My BTEC Media students and I are looking at job roles in the TV and Film Industries. We recently looked at managerial roles and I specifically wrote about production managers here. In this post, I will look at editorial roles in the TV and film industries.
Editorial jobs are often found in the print industry but there are also some notable editorial roles in the television and film industry. These jobs require a person to check over often written work such as scripts, reviewing the work that has been produced and give notes or suggestions on how to adapt and improve it, and perhaps collect and arrange bits of work together into a final piece. Some examples are script editors and film editors.
Script Editors analyse scripts in order to help screenwriters to identify problems with their work. They are involved in communicating between producers and screenwriters, helping to explain to a screenwriter the consequences of their choices. For example if a screenwriter wants a spectacular computer generated climax in outer space, the script editor may have to explain the producers concerns over the budget of such a set-piece. A Script Editor will help to strengthen a screenplay and get it ready for development. Sometimes they will be employed full-time by a production company but usually they are freelancers and therefore their fee and level of involvement can differ and be negotiated.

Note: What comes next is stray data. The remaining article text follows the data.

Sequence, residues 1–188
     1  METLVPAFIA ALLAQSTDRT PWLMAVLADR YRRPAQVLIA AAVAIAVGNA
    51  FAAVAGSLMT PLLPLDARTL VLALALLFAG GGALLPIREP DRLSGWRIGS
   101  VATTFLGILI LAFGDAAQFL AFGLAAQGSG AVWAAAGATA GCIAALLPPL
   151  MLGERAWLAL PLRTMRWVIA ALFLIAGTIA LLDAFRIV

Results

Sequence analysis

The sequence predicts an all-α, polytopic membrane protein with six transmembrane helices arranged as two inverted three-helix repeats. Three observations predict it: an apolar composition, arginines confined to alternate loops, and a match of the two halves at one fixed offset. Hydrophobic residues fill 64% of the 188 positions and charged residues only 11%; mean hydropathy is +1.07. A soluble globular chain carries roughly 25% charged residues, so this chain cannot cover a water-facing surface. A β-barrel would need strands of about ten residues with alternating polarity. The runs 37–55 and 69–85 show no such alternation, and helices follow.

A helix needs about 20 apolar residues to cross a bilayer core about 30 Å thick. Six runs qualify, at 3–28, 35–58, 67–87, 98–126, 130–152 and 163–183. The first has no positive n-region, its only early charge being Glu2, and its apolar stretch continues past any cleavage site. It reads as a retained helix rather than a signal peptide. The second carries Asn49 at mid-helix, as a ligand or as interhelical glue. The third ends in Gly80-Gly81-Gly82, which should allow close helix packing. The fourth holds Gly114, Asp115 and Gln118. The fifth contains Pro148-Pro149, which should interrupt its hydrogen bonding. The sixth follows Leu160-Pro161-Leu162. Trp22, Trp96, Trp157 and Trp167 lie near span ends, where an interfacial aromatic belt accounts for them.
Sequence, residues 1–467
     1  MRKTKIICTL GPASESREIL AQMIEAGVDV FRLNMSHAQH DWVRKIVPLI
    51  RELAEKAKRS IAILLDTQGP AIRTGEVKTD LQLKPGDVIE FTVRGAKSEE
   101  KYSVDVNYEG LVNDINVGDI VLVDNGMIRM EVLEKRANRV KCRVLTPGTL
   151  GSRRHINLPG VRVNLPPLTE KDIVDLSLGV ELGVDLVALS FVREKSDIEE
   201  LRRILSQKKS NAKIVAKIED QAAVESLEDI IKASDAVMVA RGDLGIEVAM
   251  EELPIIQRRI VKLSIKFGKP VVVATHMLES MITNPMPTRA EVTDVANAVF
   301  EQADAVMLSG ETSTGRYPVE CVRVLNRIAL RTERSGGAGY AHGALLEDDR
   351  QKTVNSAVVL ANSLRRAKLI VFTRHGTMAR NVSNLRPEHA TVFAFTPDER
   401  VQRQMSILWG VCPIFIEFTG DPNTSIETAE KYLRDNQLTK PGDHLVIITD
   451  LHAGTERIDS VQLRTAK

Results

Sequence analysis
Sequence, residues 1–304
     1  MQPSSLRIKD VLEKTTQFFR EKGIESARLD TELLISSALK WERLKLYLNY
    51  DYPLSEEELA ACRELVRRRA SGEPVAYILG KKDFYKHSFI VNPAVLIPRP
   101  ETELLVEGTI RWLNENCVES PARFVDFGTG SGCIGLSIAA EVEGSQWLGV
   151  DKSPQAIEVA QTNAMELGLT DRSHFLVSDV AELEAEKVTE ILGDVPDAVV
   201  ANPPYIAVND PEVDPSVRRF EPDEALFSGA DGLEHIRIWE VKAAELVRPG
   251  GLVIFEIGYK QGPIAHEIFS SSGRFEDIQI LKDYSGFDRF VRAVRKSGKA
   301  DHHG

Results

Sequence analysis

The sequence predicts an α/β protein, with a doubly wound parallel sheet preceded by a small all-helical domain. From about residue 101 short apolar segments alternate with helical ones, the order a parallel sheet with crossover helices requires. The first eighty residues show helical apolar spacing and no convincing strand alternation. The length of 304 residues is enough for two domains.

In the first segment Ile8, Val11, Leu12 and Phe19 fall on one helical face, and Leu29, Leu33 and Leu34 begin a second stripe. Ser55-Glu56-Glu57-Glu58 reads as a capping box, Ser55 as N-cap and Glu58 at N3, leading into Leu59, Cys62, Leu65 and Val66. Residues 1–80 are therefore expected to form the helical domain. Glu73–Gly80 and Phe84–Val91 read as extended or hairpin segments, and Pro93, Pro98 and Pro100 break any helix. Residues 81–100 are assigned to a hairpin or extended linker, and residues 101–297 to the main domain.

Script Editors must have an excellent knowledge of all aspects of screenplay writing and development. Their communication skills must also be excellent as they have a very delicate role in liaising between producers and screenwriters and therefore the business and creative sides of film and television production. Script Editors will be highly educated, often experienced script readers and will have likely taken a respected industry Script Editing course.